top of page
  • Writer's pictureHanna Lambert

Drastic MLB Rule Changes Usher in a New Era of Baseball

Updated: Jan 17

In the beginning of February 2023, Major League Baseball (MLB) unveiled its finalized rule changes slated to commence during the 2023 spring training games. Most notably, the addition of a pitch timer and limits on defensive shift changes seem to be the most drastic adjustments for players.[2] The pitch timer rule enforces a 30-second time limit between batters, 15-second time limit between pitches with bases empty, and a 20-second time limit between pitches with runners on base.[3]


However, the intricacies of the rule changes are much greater than just the time restrictions – the rules also limit pickoff attempts and the number of times pitchers can step off the mound.[4] Under the pitch clock rule, pitchers are only allowed two “disengagements” per plate appearance. If a pitcher attempts a third disengagement and is not successful, he is charged an automatic ball.[5] Additionally, batters who take too long in the batter’s box are given an automatic strike against them as a form of “delay of game” punishment.[6] Finally, the defensive shifts rule enforces a strict minimum of four players residing within the infield, with at least two players on either side of second base.[7] These new rules were implemented into both spring training and regular season game play for the 2023 season via an approval from the Joint Competition Committee (JCC), which is a voting collective that is made up of four active players, six members appointed by the MLB and one umpire.[8] However, it is important to note that the rules were approved by the JCC even though all four players on the JCC voted against their implementation.


MLB Commissioner Rob Manfred expressed that the rule changes come in an effort to respond positively to League research about fan satisfaction with baseball.[9] The League’s internal research which focused on using fan suggestions to improve and modernize the game, shows that fans have been wanting to see more action and a faster paced game for years.[10]


In evaluation of the spring training games, the rule changes have successfully facilitated some of goals set forth by Manfred and MLB. Early in the spring training games, San Diego Padre Manny Machado was the first player to fall victim to the time restrictions on batters.[11] Machado started an at bat with a 0-1 count because he neglected to enter the batter's box within the time limit.[12] By implementing time restrictions for batters in spring training, MLB should see shorter game times overall.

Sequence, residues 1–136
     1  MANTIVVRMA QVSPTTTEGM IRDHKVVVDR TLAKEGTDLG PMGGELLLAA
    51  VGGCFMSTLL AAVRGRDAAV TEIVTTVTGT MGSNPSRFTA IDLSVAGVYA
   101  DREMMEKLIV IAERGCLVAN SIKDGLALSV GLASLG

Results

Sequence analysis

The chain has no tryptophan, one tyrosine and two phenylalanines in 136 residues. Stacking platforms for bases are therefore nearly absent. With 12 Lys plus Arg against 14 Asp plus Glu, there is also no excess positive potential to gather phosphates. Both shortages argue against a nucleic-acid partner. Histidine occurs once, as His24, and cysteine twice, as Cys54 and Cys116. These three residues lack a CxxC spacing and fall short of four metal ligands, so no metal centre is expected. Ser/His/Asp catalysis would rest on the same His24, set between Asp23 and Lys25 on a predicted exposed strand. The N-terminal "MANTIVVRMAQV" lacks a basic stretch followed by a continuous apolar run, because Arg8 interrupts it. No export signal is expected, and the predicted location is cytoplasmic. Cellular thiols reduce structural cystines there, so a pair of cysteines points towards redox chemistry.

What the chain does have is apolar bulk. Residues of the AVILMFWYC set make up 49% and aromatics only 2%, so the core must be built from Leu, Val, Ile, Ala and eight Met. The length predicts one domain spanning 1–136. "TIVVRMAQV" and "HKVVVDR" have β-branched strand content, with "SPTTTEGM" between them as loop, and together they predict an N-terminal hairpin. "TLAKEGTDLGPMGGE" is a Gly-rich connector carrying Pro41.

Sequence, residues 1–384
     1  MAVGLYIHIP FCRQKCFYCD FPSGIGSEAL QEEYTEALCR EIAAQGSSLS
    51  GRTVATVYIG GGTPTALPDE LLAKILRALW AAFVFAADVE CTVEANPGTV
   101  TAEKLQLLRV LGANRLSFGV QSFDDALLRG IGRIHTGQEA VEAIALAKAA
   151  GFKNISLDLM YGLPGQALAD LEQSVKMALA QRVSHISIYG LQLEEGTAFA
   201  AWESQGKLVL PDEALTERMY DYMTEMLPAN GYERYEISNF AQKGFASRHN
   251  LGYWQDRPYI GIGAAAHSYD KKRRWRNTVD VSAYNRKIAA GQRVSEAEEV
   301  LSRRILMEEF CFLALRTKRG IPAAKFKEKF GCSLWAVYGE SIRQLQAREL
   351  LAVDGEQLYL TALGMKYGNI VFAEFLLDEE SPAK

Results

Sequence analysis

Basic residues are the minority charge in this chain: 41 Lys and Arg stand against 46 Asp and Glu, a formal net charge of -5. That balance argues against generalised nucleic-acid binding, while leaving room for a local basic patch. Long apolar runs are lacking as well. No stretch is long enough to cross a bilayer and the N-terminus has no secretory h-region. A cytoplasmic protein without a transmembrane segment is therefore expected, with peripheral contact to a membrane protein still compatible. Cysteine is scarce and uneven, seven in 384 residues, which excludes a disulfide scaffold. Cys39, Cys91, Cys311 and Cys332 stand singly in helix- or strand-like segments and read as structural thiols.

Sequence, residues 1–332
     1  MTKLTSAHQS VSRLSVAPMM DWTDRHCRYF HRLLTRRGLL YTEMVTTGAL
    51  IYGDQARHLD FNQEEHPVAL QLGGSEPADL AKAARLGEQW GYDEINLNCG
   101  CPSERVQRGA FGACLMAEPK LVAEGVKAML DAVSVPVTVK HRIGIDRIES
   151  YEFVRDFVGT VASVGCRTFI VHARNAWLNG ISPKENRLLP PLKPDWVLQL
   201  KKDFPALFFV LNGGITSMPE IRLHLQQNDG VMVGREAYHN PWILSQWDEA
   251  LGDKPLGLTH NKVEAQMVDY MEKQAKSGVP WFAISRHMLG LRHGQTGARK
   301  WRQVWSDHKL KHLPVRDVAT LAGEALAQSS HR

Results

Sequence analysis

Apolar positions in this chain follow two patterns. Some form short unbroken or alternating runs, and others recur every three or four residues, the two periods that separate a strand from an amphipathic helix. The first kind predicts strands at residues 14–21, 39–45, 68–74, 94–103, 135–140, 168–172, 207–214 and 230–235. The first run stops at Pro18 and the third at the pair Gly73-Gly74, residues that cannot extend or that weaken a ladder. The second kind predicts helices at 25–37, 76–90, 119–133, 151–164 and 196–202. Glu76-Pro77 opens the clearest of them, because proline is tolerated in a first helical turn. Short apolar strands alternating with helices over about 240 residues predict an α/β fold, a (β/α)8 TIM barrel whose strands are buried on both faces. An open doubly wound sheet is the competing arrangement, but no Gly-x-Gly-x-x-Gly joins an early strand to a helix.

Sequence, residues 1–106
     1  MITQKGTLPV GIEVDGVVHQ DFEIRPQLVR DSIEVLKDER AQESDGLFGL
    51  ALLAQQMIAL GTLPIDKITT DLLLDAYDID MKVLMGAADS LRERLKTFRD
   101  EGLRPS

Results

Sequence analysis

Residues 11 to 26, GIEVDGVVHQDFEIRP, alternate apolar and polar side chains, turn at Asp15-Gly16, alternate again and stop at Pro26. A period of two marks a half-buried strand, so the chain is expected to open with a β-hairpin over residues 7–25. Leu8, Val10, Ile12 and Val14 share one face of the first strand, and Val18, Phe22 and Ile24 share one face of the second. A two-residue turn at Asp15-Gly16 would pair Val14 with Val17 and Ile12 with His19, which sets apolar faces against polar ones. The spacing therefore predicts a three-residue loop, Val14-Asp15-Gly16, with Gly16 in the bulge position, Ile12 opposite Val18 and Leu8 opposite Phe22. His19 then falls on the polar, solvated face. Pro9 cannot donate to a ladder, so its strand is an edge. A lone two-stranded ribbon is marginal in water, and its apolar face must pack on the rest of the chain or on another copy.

While data about the pitch clock rule’s effect on MLB games will not be released until later in the season, a pitch clock rule piloted in the minor leagues last year resulted in a 25-minute reduction in game length.[13] Similarly in MLB spring training, the new rule has already reduced game times, increased game pace, and created more exciting action for fans to enjoy.


While Manfred and MLB seem overly optimistic about a future jump in viewership and the return of high attendance at games due to the new rules, the players remain skeptical. Players, including those on the JCC that voted against the rule changes, have commented that they believe the rules are being implemented too quickly and are too drastic for players to adjust to on a whim.[14] These same players emphasize that their resistance to the rule changes for 2023 is not due to an opposition to the rules in theory, but rather a resistance to the abrupt changes all happening at once, which feels discombobulating.[15]


Despite player backlash, with the implementation of the new rules, MLB is ushering in a new era of baseball that focuses on fan engagement, faster game pace, and an increase in action. The League hopes that this new version of baseball will win back some former viewers and hopefully attract new viewers, too. If MLB can successfully build on this year’s new rules and minimize player backlash, MLB should hopefully achieve its goal of resurgence in interest from fans.


However, if Manfred and MLB continue to brush off player protests to abruptly implemented new rules, this could be another major point of contention during talks for the next Collective Bargaining Agreement in 2026 that could lead to another lockout like the one that occurred in 2022.


References:

[2] Anthony Castrovince. Pitch timer, shift restrictions among announced rule changes for ’23. (1February 2023) https://www.mlb.com/news/mlb-2023-rule-changes-pitch-timer-larger-bases-shifts [3] Id. [4] Alicia de Artola. MLB Rule Changes Explained: How the changes will affect the 2023 season. (1 March 1 2023) https://fansided.com/2023/02/24/mlb-rule-changes-explained-2023-season/ [5] Id. [6] Id. [7] Castrovince, supra. [8] Id. [9] Id. [10] Id. [11] Artola, supra. [12] Id. [13] Jesse Rogers. Inside MLB’s new 2023 rules, from the shift to the pitch clock. (13 February 2023) https://www.espn.com/mlb/story/_/id/35629997/mlb-new-2023-season-rules-shift-pitch-clock [14] Id. [15] Id.

Recent Posts

See All

Comments


bottom of page